The Problems

Rip-off Buses

Glasgow is being held to ransom by private bus companies. 45% of their income comes from public subsidies, yet they continue to cut vital services and hike up fares. While profits go to shareholders, the average age of a bus in Glasgow is over 10 years, belching out poisonous diesel fumes onto the most polluted streets in Scotland.

Did you Know?

In Edinburgh, publicly-owned Lothian Buses provide a comprehensive service and affordable fares. The average age of a bus there is under 4 years.

Poor Governance

Glasgow has the largest suburban rail network outside London. With proper governance and full integration with other public transport, this is the perfect base for our world-class network.
However, our inefficient privatised system sees rail, bus and bike companies compete on congested routes rather than working together to serve the whole city.
• Our train services are currently operated by Abellio, owned by the Dutch state, not ours.
• Our biggest bike hire is run by a German company (Nextbike GmbH), which fails to integrate with Abellio’s rival bikes.

Did you Know?

Publicly-owned Transport for London puts people first and has power over the capital’s entire transport network. They have had ‘Oystercard’ smartcard tickets in use since 2003 making it simple to change between buses, tubes, trains, trams and bikes. Because they are set up to ‘reinvest all income to run and improve services’, they also have ambitious plans for expansion over the coming decades, with two new Crossrail lines.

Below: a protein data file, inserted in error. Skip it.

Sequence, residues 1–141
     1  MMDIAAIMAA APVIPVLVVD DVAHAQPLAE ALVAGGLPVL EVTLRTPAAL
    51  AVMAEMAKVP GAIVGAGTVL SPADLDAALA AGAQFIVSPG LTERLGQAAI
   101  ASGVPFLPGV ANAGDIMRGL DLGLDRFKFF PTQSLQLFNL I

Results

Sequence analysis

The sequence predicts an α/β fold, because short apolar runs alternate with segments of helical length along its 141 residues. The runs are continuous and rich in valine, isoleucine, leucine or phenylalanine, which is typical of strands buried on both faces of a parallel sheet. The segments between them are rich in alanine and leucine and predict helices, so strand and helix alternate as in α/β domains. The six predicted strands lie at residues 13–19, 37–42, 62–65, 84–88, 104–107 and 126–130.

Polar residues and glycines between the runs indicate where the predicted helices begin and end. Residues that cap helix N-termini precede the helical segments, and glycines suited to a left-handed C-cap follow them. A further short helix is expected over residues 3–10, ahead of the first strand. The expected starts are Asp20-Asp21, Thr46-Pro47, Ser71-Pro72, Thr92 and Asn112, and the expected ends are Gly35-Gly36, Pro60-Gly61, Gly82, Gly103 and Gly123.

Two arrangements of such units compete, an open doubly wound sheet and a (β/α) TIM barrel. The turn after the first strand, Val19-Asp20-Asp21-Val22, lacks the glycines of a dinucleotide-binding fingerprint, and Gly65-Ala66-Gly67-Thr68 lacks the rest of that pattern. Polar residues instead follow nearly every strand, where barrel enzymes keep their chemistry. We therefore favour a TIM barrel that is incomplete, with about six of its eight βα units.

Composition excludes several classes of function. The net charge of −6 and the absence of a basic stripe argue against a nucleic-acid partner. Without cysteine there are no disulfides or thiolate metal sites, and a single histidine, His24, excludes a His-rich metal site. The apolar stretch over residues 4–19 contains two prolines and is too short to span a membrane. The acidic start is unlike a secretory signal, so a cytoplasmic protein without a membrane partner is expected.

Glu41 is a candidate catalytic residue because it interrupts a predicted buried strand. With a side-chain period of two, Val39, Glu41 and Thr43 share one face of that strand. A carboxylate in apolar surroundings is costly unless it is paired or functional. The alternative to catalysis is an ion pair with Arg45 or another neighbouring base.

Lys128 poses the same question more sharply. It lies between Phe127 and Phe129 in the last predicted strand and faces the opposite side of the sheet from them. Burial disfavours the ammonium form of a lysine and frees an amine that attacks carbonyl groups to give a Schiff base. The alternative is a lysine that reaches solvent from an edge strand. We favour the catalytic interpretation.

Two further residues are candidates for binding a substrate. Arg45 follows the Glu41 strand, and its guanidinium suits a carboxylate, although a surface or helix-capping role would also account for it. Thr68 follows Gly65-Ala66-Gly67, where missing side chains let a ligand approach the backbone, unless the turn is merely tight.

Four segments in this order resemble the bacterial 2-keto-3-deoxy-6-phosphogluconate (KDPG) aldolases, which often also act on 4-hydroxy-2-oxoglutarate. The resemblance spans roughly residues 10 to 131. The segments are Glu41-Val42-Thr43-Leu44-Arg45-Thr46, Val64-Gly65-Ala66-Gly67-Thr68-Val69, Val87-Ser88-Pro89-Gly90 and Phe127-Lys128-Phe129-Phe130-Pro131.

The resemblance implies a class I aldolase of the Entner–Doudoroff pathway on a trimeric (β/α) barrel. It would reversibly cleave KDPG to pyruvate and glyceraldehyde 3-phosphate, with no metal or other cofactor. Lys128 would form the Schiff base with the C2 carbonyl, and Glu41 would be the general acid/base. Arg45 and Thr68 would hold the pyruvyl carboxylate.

Missed Opportunities

Glasgow Subway (built 1896), is the only part of our network still publicly-owned by SPT. Because it remains the only underground in the whole world never to have been extended, only a tiny area of our city gets the benefit.

Did you Know?

In 2007, SPT made an ‘unequivocal promise to deliver the East End Subway extension for 2014’, which would have seen stations at Celtic Park, Gorbals, Duke St. & more. Glasgow’s Crossrail, also promised in 2007, would be the ‘missing link’ between Scotland’s north-south rail routes and bring new stations to Glasgow X & Gorbals, connecting with the Subway at West St. Every £1 invested in expansion would return £2.20 to Glasgow’s economy. Glasgow is also sitting on a goldmine of disused railway lines, which when re-opened would serve Maryhill, Possil and many other parts of the city.

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